By Terry Mc Donagh

In famine, the dead were

never far from us. Parents

and children lay strewn

on doorsteps or along roadsides

and they were so far gone,

that there was no chance

they would recover – even

if they did, a black stalk

lay in waiting

like a preying cat on a windowsill.

They couldn’t drive suffering away.

Those potatoes that dug up

so clean and vibrant in a day,

diseased and fouled the fields

in a stream of pus before dawn


some landlords cried out,

we’ll give those peasants

nothing – for nothing

is what they’ve earned –

let them die. We’ll put them

out on the roads

to compete with the grain trade

in a race for great ships.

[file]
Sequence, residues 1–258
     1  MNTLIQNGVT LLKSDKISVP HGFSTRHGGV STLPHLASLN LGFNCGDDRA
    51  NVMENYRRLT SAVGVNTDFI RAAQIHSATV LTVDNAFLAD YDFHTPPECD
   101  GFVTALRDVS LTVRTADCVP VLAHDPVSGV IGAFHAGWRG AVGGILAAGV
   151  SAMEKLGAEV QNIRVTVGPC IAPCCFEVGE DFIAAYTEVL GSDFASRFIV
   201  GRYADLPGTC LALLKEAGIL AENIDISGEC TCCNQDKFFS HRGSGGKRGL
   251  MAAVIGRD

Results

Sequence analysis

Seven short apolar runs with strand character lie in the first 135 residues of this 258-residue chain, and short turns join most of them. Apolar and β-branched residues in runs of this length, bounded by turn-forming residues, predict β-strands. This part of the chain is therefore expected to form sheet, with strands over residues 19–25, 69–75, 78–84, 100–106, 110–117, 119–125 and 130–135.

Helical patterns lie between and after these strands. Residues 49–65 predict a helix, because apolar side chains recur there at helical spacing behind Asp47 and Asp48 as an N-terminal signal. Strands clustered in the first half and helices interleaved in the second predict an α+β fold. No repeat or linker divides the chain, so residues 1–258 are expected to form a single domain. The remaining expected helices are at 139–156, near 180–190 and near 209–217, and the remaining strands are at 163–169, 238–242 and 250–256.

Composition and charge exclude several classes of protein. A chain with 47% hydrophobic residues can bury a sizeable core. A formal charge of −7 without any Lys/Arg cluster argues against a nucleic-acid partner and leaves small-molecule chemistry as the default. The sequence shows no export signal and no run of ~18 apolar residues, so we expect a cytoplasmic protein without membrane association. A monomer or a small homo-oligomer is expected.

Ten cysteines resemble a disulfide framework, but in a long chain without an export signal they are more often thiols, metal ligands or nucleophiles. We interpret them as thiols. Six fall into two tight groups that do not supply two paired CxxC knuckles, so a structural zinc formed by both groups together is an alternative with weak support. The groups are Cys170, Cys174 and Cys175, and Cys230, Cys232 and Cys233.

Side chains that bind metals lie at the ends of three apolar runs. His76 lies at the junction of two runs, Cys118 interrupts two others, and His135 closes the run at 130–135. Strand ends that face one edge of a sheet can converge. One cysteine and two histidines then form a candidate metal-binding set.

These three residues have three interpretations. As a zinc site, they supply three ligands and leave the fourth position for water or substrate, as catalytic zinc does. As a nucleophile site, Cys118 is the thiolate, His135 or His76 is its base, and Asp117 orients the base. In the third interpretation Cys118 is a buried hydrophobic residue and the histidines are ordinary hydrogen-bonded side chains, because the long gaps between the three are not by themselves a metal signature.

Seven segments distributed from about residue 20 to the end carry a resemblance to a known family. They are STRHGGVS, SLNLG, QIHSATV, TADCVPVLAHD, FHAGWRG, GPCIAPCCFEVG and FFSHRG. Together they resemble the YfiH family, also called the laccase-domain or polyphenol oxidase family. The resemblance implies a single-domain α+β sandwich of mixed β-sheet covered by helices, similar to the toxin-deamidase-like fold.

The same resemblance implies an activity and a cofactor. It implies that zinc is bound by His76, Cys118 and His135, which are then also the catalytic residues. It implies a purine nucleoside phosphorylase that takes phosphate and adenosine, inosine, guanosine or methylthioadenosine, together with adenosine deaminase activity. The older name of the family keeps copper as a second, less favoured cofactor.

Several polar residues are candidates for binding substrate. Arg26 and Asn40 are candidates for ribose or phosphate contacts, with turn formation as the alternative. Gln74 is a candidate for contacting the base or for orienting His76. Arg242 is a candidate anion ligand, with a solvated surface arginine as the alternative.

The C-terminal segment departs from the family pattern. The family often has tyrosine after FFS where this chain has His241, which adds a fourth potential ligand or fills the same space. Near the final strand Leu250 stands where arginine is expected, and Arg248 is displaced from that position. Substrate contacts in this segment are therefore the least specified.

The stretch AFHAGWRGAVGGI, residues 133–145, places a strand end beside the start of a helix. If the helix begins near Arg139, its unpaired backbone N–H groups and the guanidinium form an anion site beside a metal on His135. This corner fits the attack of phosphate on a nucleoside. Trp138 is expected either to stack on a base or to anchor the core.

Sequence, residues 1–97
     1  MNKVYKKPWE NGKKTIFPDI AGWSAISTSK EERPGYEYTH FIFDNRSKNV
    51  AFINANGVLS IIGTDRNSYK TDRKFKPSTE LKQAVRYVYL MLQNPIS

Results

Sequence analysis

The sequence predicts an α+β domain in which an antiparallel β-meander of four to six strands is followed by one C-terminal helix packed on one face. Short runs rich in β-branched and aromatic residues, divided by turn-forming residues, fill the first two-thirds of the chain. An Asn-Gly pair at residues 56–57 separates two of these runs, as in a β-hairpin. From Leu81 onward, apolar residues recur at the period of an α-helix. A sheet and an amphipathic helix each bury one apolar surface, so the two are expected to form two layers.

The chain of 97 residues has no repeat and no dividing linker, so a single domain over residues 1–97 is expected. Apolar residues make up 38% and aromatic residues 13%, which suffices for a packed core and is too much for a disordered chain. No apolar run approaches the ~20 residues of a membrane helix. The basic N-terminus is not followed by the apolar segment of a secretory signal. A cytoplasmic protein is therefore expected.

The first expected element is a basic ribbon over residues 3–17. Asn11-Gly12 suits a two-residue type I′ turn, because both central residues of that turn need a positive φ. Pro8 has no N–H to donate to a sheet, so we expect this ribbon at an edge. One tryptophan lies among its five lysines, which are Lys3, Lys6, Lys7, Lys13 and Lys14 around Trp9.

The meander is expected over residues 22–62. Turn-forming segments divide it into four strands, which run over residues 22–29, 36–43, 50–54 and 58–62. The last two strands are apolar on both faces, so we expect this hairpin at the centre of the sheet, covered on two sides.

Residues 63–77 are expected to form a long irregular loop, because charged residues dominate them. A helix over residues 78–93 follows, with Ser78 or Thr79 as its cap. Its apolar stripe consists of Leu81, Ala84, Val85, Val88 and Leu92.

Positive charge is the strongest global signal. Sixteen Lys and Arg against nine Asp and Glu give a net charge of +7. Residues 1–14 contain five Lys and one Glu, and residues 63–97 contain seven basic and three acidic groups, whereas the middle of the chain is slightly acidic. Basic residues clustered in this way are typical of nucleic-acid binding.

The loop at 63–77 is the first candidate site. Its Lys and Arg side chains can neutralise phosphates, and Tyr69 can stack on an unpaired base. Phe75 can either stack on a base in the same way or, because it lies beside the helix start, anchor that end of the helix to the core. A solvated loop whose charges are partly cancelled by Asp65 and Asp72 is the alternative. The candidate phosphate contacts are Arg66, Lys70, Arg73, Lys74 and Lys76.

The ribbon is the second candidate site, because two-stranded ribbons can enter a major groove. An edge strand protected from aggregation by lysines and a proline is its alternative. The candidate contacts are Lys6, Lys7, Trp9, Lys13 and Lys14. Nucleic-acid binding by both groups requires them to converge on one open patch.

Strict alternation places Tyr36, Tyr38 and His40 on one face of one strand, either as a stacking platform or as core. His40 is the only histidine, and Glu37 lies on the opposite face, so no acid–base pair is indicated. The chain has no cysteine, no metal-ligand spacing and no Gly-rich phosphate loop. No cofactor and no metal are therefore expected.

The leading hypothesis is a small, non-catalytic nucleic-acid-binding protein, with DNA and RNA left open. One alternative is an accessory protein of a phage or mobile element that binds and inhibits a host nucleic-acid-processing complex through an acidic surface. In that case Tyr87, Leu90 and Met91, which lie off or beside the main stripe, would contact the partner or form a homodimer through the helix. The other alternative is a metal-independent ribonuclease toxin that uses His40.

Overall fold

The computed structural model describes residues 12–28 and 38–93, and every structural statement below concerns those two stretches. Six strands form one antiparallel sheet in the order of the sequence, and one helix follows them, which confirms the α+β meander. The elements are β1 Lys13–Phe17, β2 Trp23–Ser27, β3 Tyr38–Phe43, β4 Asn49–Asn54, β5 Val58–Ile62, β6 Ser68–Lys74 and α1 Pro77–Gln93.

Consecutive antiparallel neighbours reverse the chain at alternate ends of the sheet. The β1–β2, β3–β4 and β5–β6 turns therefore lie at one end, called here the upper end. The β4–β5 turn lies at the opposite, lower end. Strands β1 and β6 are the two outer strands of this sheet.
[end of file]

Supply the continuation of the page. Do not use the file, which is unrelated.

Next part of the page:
Families clawed side by side

with snails and grubs

for the right to die with

grass and mud between their teeth.

They did attack the drills like

flocks of crows, hoping

to get to the food before

it festered, but the rot beat them

to the bite – the famine god

had sickened every stalk

from the birthplace of

our farthest ancestor

to the common grave

of our youngest child.

That death – untalkative

and cold, grabbed what it could.

What remained stayed as it was

or it was cast aside or overboard.

The lanes they lived up

were left behind to fall

into disuse and silence


except on occasions

when communities walk

the sad walk – to try

to greet the past face to face.

This Poem Features In: